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A panel of graduate school professors presented students with a variety of perspectives on the impact education can have on sustainable development last night in Lehman Hall.
About 50 people attended the discussion, presented by the Association of International Educators. Mediated by Merilee Grindle, Mason professor of international development at the John F. Kennedy School of Government, the panelists approached the issue from diverse perspectives.
"Sustainable development is one of those topics...that is very hard to be against," Grindle said. "However, there is a wide range of notions of what sustainable development means."
The first panelist, Suzanne Grant Lewis, an assistant professor at the School of Education, discussed the importance of "social participation" in designing school systems around the world.
"Just any kind of education will not contribute to sustainable development," Lewis said. "The design of curricula, instructional methods and standards for evaluating success must be participatory."
Lewis emphasized increasing the involvement of currently disenfranchised groups including parents.
"We're not going to get anywhere if we have the World Bank and [other international agencies] designing systems," she said.
John Comings, senior research associate at the School of Education, discussed the impact of literacy on sustainable development.
"There are currently one billion adults in the world who have never had a chance to go to school," Comings said. "Add to them the adults who never had the chance to develop sufficient literacy skills, and we're up to two billion."
In a time "when all countries are moving in the direction of a demand for higher literacy skills," this is especially alarming, he said.
He added that "literacy helps the efficiency of the health communication system."
A third panelist, Felton Earls, professor of human behavior and development in the faculty of public health and child psychiatry, expressed skepticism about sustainable development.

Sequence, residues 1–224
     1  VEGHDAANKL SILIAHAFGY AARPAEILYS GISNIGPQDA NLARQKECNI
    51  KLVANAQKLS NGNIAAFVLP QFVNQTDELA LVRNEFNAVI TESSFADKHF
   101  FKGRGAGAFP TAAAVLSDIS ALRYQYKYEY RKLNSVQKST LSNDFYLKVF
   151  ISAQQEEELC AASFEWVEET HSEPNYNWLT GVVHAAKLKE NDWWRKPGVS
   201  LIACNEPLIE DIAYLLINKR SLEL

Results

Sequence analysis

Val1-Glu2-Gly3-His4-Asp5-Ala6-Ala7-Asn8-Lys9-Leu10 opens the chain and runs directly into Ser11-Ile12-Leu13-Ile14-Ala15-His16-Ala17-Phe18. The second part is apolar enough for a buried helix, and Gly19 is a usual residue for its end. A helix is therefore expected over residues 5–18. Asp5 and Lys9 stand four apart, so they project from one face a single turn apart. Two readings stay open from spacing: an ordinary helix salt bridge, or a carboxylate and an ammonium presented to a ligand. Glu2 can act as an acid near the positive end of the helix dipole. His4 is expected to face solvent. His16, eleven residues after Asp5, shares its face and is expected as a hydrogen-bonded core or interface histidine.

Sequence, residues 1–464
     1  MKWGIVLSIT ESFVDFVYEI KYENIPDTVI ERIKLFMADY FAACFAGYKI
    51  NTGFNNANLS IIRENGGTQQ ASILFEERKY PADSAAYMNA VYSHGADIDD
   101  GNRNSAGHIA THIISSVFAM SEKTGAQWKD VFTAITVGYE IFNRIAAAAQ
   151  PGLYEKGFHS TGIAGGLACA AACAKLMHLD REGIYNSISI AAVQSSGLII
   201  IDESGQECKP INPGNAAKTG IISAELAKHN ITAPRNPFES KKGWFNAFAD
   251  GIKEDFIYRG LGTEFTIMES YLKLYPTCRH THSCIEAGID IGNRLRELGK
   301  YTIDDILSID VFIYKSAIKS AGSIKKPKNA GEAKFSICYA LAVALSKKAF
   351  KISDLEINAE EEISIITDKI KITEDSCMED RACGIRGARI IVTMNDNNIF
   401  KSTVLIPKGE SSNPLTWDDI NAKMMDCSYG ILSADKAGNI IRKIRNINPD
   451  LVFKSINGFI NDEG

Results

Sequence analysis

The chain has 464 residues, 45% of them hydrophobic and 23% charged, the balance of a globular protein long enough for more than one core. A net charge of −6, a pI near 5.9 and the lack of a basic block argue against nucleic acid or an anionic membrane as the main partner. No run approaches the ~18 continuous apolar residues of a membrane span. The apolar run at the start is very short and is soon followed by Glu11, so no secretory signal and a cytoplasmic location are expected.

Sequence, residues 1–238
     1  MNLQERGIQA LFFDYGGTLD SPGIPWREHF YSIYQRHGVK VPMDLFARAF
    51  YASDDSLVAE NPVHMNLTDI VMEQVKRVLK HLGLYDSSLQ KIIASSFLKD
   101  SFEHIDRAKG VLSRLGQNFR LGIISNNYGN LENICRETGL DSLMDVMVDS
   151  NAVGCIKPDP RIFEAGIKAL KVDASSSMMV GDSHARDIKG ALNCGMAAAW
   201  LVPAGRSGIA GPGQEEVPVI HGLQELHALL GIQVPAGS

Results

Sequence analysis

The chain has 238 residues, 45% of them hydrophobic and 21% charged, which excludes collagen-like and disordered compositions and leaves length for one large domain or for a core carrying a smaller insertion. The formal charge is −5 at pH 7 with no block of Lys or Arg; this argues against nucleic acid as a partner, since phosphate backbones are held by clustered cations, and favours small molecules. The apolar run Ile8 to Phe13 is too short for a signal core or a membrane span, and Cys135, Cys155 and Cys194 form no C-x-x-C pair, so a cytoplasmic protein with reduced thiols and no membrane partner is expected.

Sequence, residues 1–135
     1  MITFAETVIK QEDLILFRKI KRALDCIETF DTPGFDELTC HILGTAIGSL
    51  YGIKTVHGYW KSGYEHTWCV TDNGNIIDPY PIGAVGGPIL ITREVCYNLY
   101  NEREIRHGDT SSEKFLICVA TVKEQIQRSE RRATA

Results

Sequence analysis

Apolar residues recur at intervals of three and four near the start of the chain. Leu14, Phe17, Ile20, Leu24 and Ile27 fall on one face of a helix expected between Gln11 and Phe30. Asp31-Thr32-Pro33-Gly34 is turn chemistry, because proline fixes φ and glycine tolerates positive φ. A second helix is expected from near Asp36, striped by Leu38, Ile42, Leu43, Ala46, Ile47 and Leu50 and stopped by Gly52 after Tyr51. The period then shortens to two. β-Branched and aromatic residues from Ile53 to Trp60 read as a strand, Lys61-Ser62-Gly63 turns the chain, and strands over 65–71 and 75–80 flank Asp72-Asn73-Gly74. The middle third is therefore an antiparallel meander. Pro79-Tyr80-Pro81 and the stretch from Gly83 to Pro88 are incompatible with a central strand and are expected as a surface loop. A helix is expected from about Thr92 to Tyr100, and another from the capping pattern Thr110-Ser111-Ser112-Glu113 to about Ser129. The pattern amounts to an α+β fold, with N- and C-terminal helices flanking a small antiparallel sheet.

Development is difficult to understand without an improved understanding of the world's social systems, Earls said.
"Education must address this social system," he said, adding that society should strive for "better understanding of the impact on race, ethnicity and group rivalries in many nations."
Another area where increased comprehension is needed is that of children and education, Earls said.
"These last five years have taught me the importance of getting very close to children, making them 'co-conspirators' in making the breakthrough in our understanding of them and their understanding of us," he said.
Following the panelists' speeches was a question-and-answer period dealing with primary and adult education in countries including Mexico and South Africa.
School of Education student Melissa Spurrier, co-director of the Association of International Educators, said the panel discussion was designed to explain what kind of education is important.
"Everyone stresses education as the solution to many problems," Spurrier said. "However, education is such a broad concept. Some type of education must be better than others."
Because students in all schools should have an interest in education, the panel sought to provide an interdisciplinary perspective, Spurrier said.
Heidi Huber, the other co-director, said that this goal was definitely accomplished.
"There were a lot of people who weren't from the Ed School," she said.
Huber said she was also pleased because the discussion was very participatory.
"We're all going to be educators in some shape and form--whether you're a doctor or a business executive or a traditional teacher in a classroom," Huber said.
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